Replacing Google Reader
Tags: site, tips
For years prior to its demise last year, I used Google Reader as an RSS aggregator - never really using the Reader web app itself, but instead using it to sync between my laptop (using NetNewsWire) and phone (using Reeder). It was a nice system that worked well, right up until the point that it was shut down.
I’ve always intended to switch to one of the alternatives that sprang up (The Old Reader, Feedly, InoReader etc.), but never quite got around to it. This meant that my RSS reading was done on my laptop, which in turn meant that if I didn’t use it for a few days I’d come back to hundreds of missed articles. I could have probably avoided this with some judicious unsubscribing, but again - never quite got around to it.
I’m not sure where I first heard about it, but about a month ago I heard about Tiny Tiny RSS, a free RSS reader that’s written in PHP. Once you’ve installed it on a web server, it’s just a matter of logging in (multiple accounts are supported) and importing your feeds. Since getting a server up and running and then installing TT-RSS was going to be vastly more complex than simply creating an account on of the many sites above, it appealed to me straight away. I originally hosted it here at NearlyFreeSpeech.NET, but the performance wasn’t great (my fault, not theirs). After a day or so, I stumbled on Red Hat’s OpenShift and decided that their free tier would be perfect for this experiment.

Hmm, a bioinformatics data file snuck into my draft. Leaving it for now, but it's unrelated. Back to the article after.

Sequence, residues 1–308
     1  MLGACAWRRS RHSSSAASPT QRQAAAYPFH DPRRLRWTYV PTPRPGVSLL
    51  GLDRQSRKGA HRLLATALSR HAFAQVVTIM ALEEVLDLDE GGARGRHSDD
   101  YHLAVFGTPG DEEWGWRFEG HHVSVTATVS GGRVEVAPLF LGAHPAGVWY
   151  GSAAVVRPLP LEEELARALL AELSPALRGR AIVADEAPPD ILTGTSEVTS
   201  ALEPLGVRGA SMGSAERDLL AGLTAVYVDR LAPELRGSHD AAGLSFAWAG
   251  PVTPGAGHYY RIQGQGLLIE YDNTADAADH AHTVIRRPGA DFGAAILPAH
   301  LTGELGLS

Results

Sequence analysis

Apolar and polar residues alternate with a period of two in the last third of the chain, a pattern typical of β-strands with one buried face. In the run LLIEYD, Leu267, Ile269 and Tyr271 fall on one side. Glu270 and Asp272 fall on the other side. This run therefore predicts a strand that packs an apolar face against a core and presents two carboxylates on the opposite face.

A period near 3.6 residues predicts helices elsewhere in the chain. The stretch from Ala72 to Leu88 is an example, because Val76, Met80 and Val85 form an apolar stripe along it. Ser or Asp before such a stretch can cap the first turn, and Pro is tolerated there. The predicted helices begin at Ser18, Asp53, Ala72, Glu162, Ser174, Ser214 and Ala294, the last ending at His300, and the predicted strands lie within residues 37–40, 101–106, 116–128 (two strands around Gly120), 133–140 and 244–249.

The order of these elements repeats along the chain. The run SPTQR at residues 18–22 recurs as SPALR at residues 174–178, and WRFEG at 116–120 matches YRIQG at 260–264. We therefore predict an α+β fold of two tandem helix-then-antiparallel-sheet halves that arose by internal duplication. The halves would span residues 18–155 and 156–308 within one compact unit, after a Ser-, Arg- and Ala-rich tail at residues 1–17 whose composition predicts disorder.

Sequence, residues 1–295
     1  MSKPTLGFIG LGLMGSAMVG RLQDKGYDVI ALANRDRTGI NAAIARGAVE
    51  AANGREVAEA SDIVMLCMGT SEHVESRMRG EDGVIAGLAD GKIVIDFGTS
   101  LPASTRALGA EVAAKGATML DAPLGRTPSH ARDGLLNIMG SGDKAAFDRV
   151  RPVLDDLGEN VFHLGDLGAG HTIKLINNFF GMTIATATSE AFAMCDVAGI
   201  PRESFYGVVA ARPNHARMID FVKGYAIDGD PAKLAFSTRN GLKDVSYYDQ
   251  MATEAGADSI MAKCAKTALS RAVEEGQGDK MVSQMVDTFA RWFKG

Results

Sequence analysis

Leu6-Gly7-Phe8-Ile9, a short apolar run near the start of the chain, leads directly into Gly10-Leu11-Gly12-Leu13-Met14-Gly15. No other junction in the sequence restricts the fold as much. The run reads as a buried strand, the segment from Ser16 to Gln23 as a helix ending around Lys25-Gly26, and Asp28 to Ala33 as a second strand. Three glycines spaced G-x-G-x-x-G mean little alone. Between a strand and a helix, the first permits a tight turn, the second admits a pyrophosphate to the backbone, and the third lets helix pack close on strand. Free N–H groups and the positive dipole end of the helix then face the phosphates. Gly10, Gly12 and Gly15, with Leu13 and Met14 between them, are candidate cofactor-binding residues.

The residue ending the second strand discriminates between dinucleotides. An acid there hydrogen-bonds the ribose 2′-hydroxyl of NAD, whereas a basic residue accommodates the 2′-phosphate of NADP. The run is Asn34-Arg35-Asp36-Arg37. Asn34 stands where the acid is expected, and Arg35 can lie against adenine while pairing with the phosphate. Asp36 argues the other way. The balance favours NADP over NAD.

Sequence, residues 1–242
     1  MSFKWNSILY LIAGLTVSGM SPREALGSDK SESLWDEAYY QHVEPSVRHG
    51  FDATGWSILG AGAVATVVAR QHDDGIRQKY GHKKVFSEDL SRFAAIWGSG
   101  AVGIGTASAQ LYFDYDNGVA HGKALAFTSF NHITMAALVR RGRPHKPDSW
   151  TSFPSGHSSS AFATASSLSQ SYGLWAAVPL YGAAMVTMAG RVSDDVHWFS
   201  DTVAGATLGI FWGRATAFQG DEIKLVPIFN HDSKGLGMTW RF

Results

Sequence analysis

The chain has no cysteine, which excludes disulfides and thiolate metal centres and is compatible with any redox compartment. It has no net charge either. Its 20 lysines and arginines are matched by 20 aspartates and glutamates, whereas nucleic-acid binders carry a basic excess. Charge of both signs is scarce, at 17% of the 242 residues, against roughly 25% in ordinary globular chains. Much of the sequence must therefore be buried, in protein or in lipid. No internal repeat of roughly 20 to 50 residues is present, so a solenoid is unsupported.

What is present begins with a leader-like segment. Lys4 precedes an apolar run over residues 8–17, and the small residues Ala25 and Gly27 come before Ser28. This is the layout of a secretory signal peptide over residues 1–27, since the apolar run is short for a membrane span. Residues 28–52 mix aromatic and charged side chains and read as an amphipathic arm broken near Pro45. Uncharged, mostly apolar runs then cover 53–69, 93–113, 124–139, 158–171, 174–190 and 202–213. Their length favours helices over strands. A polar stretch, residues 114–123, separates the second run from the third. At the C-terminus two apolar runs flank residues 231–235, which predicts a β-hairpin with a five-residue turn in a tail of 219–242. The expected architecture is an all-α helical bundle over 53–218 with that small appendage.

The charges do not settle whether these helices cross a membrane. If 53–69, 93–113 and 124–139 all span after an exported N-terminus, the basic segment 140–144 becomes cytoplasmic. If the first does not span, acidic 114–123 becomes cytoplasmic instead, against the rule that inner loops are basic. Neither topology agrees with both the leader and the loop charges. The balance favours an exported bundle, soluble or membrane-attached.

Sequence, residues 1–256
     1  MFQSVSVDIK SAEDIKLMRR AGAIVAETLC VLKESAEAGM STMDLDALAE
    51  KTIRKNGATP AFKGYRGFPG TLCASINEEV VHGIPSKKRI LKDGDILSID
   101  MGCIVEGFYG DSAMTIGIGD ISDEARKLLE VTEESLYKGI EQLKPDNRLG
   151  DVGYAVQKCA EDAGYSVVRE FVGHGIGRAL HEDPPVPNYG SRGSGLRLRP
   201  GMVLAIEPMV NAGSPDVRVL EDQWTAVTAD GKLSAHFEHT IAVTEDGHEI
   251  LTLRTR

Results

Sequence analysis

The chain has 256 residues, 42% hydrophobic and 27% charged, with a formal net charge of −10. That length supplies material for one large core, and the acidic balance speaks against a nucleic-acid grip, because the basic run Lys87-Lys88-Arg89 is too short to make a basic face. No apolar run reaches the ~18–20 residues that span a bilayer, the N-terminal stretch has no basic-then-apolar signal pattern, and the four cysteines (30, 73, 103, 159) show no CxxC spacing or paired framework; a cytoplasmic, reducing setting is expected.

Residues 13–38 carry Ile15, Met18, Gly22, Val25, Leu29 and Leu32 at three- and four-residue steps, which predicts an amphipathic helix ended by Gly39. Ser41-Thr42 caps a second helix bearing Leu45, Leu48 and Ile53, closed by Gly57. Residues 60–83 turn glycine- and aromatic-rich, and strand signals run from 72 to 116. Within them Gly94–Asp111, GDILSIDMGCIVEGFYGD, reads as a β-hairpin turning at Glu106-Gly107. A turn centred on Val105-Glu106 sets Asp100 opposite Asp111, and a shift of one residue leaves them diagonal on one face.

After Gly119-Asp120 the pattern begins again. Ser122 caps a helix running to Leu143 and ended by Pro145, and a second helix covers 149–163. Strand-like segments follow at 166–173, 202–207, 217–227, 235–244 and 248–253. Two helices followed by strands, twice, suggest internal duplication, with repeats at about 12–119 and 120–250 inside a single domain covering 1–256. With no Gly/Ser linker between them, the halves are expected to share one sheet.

Originally, this post was supposed to be a container for all the tips I picked up - small things like getting the git repositories set up correctly, sorting out feed updates etc. It took a bit of wrangling, but after a little while I had a mostly working setup with just a few small issues. For example, every time the server restarted, the update daemon would also need restarting as I hadn’t yet made that automatic and because OpenShift doesn’t allow the PostgreSQL
autovacuum command to run correctly, the database tended to grow pretty quickly. It was while I was working out how to fix these things that I found this GitHub repository which sorts out all of these little quirks. As a result, here’s a much shorter guide to setting up your own RSS reader:
Once the last step has finished you should be ready to login, create an account and start importing and/or subscribing to feeds. Easy!